On June 21, the first day of summer, Spain officially emerged from its worst season imaginable. It lifted a national lockdown and people ventured outside, after harrowing months of dealing with the coronavirus pandemic.
But now, as locals and European tourists return to Mediterranean beaches, Spain is having to dial back its reopening to rein in new infections.
That's because, since June 21, the rate of new COVID-19 cases has quadrupled. Infections are spiking among young people. And the return of tourists is heightening worries of an accelerating virus spread.
To be clear, Spain's rates of deaths and hospitalizations are nowhere near its peak months during the pandemic. Spain has had more than 28,000 COVID-19 fatalities and 260,000 cases.
But with more than 4,500 new cases last weekend, Spain is reporting infection increases in 224 cities and communities.
Bars and restaurants in many areas are now reducing their permitted capacity. Big parties are discouraged and some nightclubs are dark, after nearly 100 young people contracted the virus from a single night at a disco in Córdoba.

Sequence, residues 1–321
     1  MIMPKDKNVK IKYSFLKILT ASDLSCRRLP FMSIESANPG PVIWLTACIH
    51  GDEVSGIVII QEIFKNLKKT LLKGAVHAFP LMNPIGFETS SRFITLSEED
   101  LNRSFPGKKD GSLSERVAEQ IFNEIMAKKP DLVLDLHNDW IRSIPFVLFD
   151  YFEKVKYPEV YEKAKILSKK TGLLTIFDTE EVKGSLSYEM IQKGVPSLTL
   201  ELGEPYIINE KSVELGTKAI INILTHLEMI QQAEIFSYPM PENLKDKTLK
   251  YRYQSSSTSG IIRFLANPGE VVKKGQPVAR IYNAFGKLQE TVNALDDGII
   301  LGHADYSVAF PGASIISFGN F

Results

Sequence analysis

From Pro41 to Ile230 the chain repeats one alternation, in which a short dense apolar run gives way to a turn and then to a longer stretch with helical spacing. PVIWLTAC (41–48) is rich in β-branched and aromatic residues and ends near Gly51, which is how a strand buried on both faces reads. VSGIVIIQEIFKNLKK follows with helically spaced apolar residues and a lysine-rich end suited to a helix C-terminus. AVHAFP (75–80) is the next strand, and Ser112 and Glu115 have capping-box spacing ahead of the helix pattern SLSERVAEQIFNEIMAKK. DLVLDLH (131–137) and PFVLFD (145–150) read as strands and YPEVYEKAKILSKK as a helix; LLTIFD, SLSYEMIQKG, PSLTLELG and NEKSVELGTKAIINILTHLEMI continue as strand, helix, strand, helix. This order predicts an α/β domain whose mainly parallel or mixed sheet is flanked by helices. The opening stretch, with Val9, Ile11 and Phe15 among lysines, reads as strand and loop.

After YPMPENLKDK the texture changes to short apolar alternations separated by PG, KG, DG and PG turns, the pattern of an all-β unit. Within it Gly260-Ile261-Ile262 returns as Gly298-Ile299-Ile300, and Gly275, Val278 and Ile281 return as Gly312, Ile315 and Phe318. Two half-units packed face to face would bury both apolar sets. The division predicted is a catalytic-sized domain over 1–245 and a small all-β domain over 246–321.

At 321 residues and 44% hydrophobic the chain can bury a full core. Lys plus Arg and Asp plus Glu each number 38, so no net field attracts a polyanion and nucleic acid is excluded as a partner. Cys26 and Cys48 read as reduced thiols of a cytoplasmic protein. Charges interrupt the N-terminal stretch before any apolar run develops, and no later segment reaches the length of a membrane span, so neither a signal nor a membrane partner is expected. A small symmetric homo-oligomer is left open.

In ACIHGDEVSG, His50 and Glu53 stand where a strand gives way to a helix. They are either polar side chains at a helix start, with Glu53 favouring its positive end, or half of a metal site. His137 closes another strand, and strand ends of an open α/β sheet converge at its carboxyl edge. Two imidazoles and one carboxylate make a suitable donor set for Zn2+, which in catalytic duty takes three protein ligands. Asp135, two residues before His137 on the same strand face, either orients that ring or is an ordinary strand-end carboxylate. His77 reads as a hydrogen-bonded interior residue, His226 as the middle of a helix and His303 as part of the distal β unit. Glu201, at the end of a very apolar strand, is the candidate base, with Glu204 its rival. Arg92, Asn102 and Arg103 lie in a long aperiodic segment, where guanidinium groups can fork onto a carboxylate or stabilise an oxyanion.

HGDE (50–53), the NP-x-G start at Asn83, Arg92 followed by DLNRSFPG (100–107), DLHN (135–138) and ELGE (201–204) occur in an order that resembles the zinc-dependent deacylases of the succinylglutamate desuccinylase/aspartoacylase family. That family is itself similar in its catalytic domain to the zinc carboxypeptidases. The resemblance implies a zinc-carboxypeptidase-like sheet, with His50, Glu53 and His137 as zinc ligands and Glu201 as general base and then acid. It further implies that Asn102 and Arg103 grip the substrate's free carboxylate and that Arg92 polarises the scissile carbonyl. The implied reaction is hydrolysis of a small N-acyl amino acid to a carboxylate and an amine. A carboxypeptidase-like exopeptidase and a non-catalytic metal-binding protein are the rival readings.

In Barcelona, Spain's 2nd largest city, people are again urged to stay at home and, especially, to avoid gatherings of more than 10 people.
The party is also fast winding down in the southern city of Mallorca, where this sign has long warned rowdy tourists to keep their clothes on.
Now a newspaper headline sends another message from the local travel minister: "We don't want those tourists. Don't come." In Spain, the COVID-19 summer holiday, may be nearing its close.